Permalink to Amour et Florand: A Week with Chachic

Amour et Florand: A Week with Chachic

Chachic’s Book Nook is hosting a week-long “Amour et Florand” blogging event. (This is NOT a book tour, this is a really special event that she has created on her own initiative around the Chocolate–and Roses–books, asking other bloggers to contribute posts during the week.) It’s a wonderful honor, and I am very flattered and also grateful that she would do such a special thing.

Today she is asking people to share how they discovered the Chocolate books, and/or my books in general. Also, ahem, she is sharing one of our old wedding photos!

You can let her know what first got you reading these books here.

Thank you so much, Chachic and all the participating bloggers, for this wonderful honor!

Permalink to Lavender


When I’m traveling it is so hard to post things on the blog, but once in a while I can manage with my phone to post something on FB. I’m not sure if those who follow the blog are saying, “Thank goodness for small favors,” or are feeling as if they are missing out, so…a little photo from the time in Provence for you.

lavender provence

Permalink to La Parisienne

La Parisienne

Ha, ha, have been going through some photos from the past few years for a blog event next week (selecting some chocolate and rose research photos). What do you think of this little Parisienne I ran into while I was hunting? (Hint: She’s mine. Several years ago now.)

One of those little parental moments yesterday: I arrived to pick her up from her science camp to find the instructor finishing up a story about the Mona Lisa. (“Which I’ve never seen, but I hear it’s like this…”) My daughter just sat there gazing at him. A couple of times you could tell she *thought* about saying something but she never did. Afterward, I said, “Honey, why didn’t you tell him what it was really like? He did ask if any of you had ever seen it.” “Mom, he’s the teacher. He didn’t really want to know what other people knew, he just wanted to talk about what he knew.” SO NOT TRUE. As a teacher myself, I can swear to that. I LOVE having students who know more than I do. Sigh. And that girl has had some really good teachers so far in school, too. I guess it’s a caution to all of us teachers about the way we can come across to kids.)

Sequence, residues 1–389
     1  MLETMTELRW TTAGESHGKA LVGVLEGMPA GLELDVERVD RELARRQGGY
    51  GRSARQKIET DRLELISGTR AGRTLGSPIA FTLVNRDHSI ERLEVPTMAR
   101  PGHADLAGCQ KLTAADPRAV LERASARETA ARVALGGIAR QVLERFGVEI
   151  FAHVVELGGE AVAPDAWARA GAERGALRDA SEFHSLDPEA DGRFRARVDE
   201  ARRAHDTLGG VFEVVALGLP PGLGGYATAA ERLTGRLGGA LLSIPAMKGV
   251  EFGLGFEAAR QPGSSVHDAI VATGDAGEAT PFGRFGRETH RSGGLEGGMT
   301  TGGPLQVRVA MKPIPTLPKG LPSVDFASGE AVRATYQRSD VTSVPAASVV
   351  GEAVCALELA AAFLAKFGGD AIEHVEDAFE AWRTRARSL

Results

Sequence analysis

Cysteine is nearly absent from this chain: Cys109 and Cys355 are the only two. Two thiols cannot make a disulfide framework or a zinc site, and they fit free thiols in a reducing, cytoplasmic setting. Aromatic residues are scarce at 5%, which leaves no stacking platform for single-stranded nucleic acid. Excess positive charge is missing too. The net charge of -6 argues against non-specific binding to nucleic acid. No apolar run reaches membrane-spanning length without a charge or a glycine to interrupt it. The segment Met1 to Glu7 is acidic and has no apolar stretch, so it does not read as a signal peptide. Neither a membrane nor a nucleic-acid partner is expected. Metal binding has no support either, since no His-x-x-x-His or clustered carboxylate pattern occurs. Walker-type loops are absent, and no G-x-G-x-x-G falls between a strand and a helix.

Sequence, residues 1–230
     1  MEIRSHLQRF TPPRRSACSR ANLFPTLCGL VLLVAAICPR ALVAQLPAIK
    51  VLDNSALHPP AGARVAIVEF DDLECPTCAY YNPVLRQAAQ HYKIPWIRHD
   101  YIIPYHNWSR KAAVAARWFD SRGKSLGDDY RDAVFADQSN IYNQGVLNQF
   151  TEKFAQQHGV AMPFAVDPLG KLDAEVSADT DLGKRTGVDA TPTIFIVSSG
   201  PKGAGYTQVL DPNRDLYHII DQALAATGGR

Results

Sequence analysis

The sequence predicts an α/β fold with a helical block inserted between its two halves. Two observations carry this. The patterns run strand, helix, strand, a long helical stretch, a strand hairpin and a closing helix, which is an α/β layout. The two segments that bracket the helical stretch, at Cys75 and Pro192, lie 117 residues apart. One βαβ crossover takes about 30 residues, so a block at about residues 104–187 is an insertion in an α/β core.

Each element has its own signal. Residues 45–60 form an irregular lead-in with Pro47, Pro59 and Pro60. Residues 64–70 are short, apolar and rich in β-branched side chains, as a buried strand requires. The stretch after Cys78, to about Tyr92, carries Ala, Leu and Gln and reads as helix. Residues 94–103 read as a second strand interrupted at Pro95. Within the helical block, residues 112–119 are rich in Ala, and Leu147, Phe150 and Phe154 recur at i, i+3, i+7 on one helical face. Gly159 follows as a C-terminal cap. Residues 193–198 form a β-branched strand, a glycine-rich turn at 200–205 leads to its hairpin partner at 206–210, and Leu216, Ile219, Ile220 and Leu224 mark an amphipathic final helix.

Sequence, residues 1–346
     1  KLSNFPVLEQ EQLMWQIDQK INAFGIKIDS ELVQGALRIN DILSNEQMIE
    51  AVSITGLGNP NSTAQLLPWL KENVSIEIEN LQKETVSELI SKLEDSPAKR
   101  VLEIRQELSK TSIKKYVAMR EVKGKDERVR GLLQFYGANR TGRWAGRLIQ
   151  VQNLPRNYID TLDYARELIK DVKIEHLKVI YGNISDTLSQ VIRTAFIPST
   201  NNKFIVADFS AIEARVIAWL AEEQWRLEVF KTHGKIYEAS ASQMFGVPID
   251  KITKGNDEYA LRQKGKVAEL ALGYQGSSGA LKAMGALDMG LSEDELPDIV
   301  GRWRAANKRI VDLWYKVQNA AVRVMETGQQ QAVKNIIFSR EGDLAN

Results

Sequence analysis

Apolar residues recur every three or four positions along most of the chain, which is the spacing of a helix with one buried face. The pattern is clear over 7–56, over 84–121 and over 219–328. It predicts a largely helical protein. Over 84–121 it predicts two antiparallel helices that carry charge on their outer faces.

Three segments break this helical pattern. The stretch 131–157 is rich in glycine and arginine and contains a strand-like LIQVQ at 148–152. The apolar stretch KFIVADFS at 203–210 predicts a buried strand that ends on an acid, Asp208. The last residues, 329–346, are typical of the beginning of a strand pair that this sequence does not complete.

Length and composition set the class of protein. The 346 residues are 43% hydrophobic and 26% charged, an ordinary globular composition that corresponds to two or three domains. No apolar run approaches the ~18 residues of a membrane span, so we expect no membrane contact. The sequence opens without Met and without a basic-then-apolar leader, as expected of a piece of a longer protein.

A HUGE THANK YOU for all the support about the delay in ONCE UPON A ROSE. I really, really appreciate it, so much.

paris in the spring

Permalink to Once Upon a Rose

Once Upon a Rose

I need to make a very unpopular announcement.

I am very sorry, but I have decided to delay the release of ONCE UPON A ROSE until later in the fall. By “decided”, I guess I should say that the book decided for me. While it is “finished”, it is not good yet. I’ve never before released a book that I did not personally love, and I don’t want to start now.

But that’s not quite fair to put it all on the book, because I made some choices, too. Primarily, SUN-KISSED.

The problem is that I never had SUN-KISSED in my publishing schedule for this year. Once the idea grew, though, and I wrote the first scene, I really fell in love with that story and that couple. I got caught in it, and just had to write it, and that ended up leaving me several months behind my expected schedule on ONCE UPON A ROSE. (Which I had promised to people for August. There’s an article out this month in RT Magazine for example, which they ran specifically this edition to time it with the promised release of ONCE UPON A ROSE.)